At this point, most people are aware of the danger of too much sugar in the mouth. After all, cavities are caused by bacteria invading the mouth and consuming sugar there, which they convert into an acid which eats away at the tooth enamel. Once the enamel is penetrated, these bacteria move into the hole thus created, and thrive in the interior of the tooth, growing inside and hollowing out the tooth until it disintegrates. It is, therefore, important to keep one’s teeth free of sugar, both by consuming less of it and by brushing regularly.┬áWhat most people don’t realize is that it isn’t just sugary drinks and candy which present a problem – any source of sugar can cause trouble.

Starch is, in fact, a series of sugars made into a long chain by a plant wishing to store them as energy for later. While starches take longer to break down than sugar and present less of an immediate risk, they also tend to be very sticky, to the point of almost being adhesive. Anyone who’s had to turn to a toothpick to remove a stuck piece of potato chip is well aware of this problem. It is this “stickiness” which gives bacteria food and time to grow, and the same reason you should avoid starchy food in your diet for the sake of your teeth, the same as with soda and candy.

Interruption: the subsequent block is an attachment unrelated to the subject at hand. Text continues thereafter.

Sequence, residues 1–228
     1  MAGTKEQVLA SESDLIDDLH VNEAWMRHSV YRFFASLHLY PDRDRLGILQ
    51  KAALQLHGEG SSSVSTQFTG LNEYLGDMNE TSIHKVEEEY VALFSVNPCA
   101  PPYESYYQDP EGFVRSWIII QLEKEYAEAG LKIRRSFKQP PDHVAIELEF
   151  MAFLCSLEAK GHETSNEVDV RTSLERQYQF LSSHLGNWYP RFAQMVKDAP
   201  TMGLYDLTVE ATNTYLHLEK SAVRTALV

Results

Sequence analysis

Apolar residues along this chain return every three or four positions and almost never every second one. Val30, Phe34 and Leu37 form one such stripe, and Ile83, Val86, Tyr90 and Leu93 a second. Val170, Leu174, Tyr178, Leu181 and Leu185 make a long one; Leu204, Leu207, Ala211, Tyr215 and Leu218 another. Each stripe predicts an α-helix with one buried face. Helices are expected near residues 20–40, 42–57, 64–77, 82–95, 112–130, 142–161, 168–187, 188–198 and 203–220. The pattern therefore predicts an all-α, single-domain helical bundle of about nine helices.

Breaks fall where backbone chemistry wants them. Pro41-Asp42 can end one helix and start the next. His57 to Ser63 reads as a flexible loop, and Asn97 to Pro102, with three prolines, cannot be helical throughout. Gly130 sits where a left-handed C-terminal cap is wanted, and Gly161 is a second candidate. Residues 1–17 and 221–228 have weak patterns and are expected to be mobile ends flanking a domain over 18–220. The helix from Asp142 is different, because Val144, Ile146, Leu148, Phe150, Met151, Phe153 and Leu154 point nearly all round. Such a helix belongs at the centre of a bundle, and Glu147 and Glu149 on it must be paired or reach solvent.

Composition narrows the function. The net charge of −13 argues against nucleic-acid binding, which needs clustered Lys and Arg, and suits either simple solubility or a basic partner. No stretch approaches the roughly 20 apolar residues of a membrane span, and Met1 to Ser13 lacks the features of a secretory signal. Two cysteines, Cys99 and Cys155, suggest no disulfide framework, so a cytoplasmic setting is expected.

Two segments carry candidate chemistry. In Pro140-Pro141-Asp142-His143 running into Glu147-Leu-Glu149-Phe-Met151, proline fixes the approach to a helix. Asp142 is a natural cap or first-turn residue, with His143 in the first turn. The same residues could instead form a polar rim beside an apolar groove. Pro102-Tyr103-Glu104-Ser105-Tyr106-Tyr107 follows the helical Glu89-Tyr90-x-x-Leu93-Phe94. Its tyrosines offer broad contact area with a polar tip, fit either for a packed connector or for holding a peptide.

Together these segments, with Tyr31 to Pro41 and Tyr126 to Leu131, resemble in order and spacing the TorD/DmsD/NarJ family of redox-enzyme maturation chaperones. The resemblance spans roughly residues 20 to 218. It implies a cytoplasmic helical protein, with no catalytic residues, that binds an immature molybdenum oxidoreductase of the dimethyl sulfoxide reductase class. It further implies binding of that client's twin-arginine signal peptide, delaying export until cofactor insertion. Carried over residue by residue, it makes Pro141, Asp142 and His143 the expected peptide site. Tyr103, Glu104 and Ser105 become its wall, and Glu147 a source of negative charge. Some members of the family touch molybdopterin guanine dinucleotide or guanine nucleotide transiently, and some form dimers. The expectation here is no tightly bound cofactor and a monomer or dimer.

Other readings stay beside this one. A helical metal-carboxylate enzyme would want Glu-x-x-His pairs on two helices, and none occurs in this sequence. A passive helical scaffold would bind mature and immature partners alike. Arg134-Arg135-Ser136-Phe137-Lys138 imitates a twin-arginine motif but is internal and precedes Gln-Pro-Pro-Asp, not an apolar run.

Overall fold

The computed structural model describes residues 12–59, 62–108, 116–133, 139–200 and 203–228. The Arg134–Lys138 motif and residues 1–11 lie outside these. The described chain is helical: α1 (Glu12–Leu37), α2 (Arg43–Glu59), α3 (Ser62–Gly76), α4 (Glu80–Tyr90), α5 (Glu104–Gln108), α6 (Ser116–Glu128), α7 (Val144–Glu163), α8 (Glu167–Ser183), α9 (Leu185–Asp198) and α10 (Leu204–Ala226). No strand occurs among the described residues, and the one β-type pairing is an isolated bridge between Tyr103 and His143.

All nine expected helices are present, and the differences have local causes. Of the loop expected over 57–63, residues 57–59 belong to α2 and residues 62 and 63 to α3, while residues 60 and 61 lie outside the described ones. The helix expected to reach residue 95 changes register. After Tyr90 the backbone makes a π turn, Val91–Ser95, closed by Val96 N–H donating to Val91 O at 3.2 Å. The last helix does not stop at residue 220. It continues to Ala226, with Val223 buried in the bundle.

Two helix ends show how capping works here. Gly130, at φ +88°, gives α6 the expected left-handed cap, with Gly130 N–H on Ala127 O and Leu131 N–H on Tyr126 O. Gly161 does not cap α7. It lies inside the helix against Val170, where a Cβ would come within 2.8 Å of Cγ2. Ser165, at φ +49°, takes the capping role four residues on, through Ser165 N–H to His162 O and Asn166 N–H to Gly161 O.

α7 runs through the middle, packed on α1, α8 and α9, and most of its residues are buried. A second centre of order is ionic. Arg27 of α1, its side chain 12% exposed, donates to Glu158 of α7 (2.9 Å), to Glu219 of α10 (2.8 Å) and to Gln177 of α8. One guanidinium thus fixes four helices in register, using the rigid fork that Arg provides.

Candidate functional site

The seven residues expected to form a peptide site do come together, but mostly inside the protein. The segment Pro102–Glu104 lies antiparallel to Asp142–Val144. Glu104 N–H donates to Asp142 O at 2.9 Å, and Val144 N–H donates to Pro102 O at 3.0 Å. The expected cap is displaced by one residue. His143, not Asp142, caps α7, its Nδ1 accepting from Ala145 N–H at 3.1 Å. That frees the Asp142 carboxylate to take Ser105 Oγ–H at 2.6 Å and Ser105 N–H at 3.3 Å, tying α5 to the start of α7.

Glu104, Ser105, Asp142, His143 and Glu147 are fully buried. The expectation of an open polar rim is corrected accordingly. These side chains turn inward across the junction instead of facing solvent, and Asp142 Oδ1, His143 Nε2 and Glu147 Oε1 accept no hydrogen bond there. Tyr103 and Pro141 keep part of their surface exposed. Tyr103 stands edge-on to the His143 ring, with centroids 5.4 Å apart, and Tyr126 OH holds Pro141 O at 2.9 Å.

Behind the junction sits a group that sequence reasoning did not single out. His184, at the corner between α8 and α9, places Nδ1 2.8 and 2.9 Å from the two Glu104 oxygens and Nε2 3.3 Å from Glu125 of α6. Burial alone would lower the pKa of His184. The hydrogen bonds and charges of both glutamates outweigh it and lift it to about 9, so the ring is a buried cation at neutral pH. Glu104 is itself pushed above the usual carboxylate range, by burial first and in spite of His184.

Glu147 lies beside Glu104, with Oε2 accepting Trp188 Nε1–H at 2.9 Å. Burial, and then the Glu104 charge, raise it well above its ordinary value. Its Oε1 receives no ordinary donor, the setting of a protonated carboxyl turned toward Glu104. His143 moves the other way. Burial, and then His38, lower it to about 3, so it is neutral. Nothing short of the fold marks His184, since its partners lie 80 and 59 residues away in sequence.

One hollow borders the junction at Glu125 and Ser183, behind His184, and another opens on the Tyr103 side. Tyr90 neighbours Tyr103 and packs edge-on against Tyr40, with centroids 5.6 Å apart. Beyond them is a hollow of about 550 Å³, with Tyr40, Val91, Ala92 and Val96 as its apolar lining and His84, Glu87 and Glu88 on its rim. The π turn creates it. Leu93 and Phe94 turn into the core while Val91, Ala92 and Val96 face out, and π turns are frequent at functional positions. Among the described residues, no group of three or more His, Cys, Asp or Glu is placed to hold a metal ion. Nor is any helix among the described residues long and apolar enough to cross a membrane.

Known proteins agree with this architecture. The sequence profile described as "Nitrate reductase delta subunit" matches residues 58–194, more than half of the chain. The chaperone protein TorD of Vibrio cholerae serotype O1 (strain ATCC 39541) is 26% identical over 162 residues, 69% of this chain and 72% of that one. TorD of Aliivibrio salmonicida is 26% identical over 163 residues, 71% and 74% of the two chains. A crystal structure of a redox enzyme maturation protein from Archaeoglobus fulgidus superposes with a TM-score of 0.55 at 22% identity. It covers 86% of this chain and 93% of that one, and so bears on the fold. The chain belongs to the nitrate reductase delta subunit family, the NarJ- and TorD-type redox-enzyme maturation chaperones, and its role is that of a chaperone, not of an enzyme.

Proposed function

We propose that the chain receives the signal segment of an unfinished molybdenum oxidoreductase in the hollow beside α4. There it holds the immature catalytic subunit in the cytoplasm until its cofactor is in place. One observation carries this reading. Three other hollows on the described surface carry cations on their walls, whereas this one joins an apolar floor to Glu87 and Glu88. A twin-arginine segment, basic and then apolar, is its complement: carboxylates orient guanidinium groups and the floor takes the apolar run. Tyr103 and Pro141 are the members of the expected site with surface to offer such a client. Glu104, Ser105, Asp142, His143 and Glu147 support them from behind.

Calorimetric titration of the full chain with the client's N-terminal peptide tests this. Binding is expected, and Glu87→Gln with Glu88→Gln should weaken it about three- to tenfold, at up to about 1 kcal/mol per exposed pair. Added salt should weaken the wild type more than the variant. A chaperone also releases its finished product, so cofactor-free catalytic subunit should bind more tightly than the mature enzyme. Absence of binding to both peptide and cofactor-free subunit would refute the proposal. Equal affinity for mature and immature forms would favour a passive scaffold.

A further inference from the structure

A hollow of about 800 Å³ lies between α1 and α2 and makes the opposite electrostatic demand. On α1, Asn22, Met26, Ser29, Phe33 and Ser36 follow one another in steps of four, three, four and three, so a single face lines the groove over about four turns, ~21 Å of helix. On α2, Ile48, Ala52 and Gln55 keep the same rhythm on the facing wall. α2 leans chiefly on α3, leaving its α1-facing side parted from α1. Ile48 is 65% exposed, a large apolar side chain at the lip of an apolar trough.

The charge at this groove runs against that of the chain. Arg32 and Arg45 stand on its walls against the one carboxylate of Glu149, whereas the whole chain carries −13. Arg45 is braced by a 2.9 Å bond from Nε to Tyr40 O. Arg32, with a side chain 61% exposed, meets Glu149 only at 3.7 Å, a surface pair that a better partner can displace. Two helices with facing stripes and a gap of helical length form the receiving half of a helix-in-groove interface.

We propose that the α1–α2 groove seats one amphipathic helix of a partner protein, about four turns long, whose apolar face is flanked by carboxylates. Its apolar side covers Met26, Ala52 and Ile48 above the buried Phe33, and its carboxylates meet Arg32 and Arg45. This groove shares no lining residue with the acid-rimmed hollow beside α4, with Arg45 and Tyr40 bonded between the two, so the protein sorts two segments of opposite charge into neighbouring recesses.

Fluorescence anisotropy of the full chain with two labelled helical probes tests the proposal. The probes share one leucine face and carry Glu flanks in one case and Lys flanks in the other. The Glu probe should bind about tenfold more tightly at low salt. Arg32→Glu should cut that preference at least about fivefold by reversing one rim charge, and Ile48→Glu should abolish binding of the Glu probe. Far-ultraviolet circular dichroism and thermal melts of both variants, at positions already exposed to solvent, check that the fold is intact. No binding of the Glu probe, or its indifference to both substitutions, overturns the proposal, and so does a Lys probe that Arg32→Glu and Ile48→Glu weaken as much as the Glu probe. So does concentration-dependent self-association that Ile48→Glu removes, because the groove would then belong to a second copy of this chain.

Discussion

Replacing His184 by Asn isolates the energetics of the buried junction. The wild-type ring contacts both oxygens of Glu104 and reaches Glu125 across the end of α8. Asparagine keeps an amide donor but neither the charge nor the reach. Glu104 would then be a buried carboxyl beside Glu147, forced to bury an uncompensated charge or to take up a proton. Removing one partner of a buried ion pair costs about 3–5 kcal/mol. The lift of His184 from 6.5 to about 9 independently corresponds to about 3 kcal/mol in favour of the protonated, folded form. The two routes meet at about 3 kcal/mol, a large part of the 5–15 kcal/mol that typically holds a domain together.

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About the Author

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Dr. Joan Landron

Currently serving the community at Absolute Dental since August 2008, Dr. Joan Landron graduated from Temple University School of Dentistry in 1997.

She further honed her skills with a general practice residency at Metropolitan Hospital and underwent specialized training at New York University’s Implant Program for General Practitioners. Specializing in services such as X-rays, examinations, cleanings, crowns, and more, Dr. Landron brings a comprehensive approach to general and cosmetic dentistry, including implants.

A proud member of the American Dental Association, Nevada Dental Association, and Southern Nevada Dental Association, she cherishes her free time by spending moments with family, reading, and maintaining her health through exercise. Dr. Landron takes immense pride in being a part of the Absolute Dental team and is dedicated to her patients at the Absolute Dental – Nellis in Las Vegas, ensuring they receive the best care possible.